Reaching far beyond the boundaries of memoir, Sarah M. Broom revisits the world of her childhood, decimated by Katrina, as she searches for the meaning of home and family.
Sarah M. Broom’s evocative, addictive memoir, The Yellow House, is more than the story of a girl growing up, or of her sprawling African American family, or even of the eponymous shotgun house where they all lived. It’s more than the story of her native New Orleans in the years before and after Katrina. This capacious work captures more than the particulars of a place or a state of mind. It infiltrates the very state of the soul, revealing a way of life tourists never see or, as the destruction of the hurricane and the post-storm neglect would underscore, pay any mind.
The youngest of 12 children born over a span of 30 years in a blended family, Broom begins this story with her clan’s circuitous journey to New Orleans East, a once sparsely populated outland that grew in population and promise when, at the height of the Space Race, NASA began building rocket boosters there and other industries followed. Broom’s father, Simon, who worked maintenance at NASA, died when she was 6 months old, and her mother, Ivory, was left to fend for herself and the children still living in their yellow shotgun house that Ivory had bought for $3,200 in cash when she was 19.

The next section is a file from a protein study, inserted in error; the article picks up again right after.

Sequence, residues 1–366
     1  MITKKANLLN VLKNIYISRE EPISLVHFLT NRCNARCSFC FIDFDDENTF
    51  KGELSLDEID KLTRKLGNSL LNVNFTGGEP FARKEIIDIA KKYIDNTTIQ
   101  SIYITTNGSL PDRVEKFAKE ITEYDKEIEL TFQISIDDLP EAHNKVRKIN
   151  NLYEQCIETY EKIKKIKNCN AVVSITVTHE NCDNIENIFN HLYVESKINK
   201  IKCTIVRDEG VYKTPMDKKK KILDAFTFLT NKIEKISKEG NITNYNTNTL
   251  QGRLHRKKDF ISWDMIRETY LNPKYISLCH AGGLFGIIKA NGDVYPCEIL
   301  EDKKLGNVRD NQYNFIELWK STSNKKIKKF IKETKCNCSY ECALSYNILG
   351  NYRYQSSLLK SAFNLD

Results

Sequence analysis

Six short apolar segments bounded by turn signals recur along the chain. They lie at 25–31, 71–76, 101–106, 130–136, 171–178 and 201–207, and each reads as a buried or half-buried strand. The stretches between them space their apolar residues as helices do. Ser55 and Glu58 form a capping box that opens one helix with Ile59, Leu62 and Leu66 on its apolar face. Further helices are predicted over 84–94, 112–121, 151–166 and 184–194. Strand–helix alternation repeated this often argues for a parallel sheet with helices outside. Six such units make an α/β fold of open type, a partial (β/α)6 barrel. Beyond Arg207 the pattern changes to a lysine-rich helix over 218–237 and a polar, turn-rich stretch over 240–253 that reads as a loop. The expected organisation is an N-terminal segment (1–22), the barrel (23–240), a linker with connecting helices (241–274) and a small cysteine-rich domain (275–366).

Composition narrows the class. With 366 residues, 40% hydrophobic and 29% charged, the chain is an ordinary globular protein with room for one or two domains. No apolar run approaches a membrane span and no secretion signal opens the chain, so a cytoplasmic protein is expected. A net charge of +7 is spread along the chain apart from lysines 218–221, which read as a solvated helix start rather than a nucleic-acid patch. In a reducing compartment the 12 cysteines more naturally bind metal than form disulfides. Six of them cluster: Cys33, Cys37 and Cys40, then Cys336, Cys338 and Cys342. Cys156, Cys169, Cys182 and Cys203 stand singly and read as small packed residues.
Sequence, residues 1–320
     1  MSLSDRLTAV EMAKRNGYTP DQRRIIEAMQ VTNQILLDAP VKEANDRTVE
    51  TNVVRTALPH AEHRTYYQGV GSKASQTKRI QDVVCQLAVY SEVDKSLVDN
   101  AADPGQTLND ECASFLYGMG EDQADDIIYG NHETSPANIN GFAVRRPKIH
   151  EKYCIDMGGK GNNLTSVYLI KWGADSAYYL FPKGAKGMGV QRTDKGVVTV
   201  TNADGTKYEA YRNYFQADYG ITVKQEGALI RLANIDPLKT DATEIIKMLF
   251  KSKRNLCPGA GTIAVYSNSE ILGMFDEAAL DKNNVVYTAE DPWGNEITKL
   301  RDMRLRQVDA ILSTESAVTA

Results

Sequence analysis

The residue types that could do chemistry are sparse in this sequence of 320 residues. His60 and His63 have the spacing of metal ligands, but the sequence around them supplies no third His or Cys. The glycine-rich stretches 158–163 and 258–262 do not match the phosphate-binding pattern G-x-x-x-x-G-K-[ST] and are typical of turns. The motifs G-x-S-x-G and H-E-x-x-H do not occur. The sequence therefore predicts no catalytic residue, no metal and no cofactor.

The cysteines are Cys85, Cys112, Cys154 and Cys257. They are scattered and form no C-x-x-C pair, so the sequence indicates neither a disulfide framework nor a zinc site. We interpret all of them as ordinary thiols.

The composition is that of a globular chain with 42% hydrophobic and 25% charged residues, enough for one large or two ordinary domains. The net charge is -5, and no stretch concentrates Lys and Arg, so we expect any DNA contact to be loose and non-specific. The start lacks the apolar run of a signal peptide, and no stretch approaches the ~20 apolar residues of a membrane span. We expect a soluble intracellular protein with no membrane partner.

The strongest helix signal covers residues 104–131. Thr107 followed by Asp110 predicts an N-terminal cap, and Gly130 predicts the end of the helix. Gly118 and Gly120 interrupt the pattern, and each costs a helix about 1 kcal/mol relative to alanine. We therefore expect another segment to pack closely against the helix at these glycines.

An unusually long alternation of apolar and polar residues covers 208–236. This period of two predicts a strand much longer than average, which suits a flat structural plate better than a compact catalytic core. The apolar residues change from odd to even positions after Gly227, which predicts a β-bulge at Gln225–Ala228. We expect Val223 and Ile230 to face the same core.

By the time Broom was born, NASA and much of the industry had all but abandoned the blighted area. Despite chronic financial struggles, Ivory proudly strove to keep up appearances. Indeed, one of the most fascinating features of the narrative is Broom’s subtle exploration of class distinctions within the African American communities of New Orleans.
When Katrina hit in 2005, Broom was grown and gone—working at a magazine and living in Harlem—but she has assembled the often-harrowing testimony of her family members who survived the cataclysm. Sacrificed by the powers that be, the largely black neighborhoods in New Orleans East suffered devastation. In the aftermath of Katrina, when the ruins of the Yellow House are deemed in “imminent danger of collapse” and slated for demolition, Broom realizes that the house “contained all of my frustration and many of my aspirations, the hopes that it would shine like it did in the world before me.” The house, she comes to see, held more than the memory of her father or the past. It sustained the very concept of home. And she understands that without the physical structure, she and her family are now the house.
The Yellow House is a lyrical attempt to reconstruct home, to redraw a map that nature and a heartless world have erased. The melodies of Broom’s prose are insinuating, its rhythms as syncopated and edgy as the story she has dared to write. With a voice all her own, she tells truths rarely told and impossible to ignore.